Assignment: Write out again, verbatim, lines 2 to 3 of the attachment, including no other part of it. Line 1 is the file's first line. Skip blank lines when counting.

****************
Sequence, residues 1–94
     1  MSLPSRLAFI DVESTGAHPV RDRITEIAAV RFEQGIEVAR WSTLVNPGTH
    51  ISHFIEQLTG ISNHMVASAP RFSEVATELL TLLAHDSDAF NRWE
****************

     1  MSLPSRLAFI DVESTGAHPV RDRITEIAAV RFEQGIEVAR WSTLVNPGTH
    51  ISHFIEQLTG ISNHMVASAP RFSEVATELL TLLAHDSDAF NRWE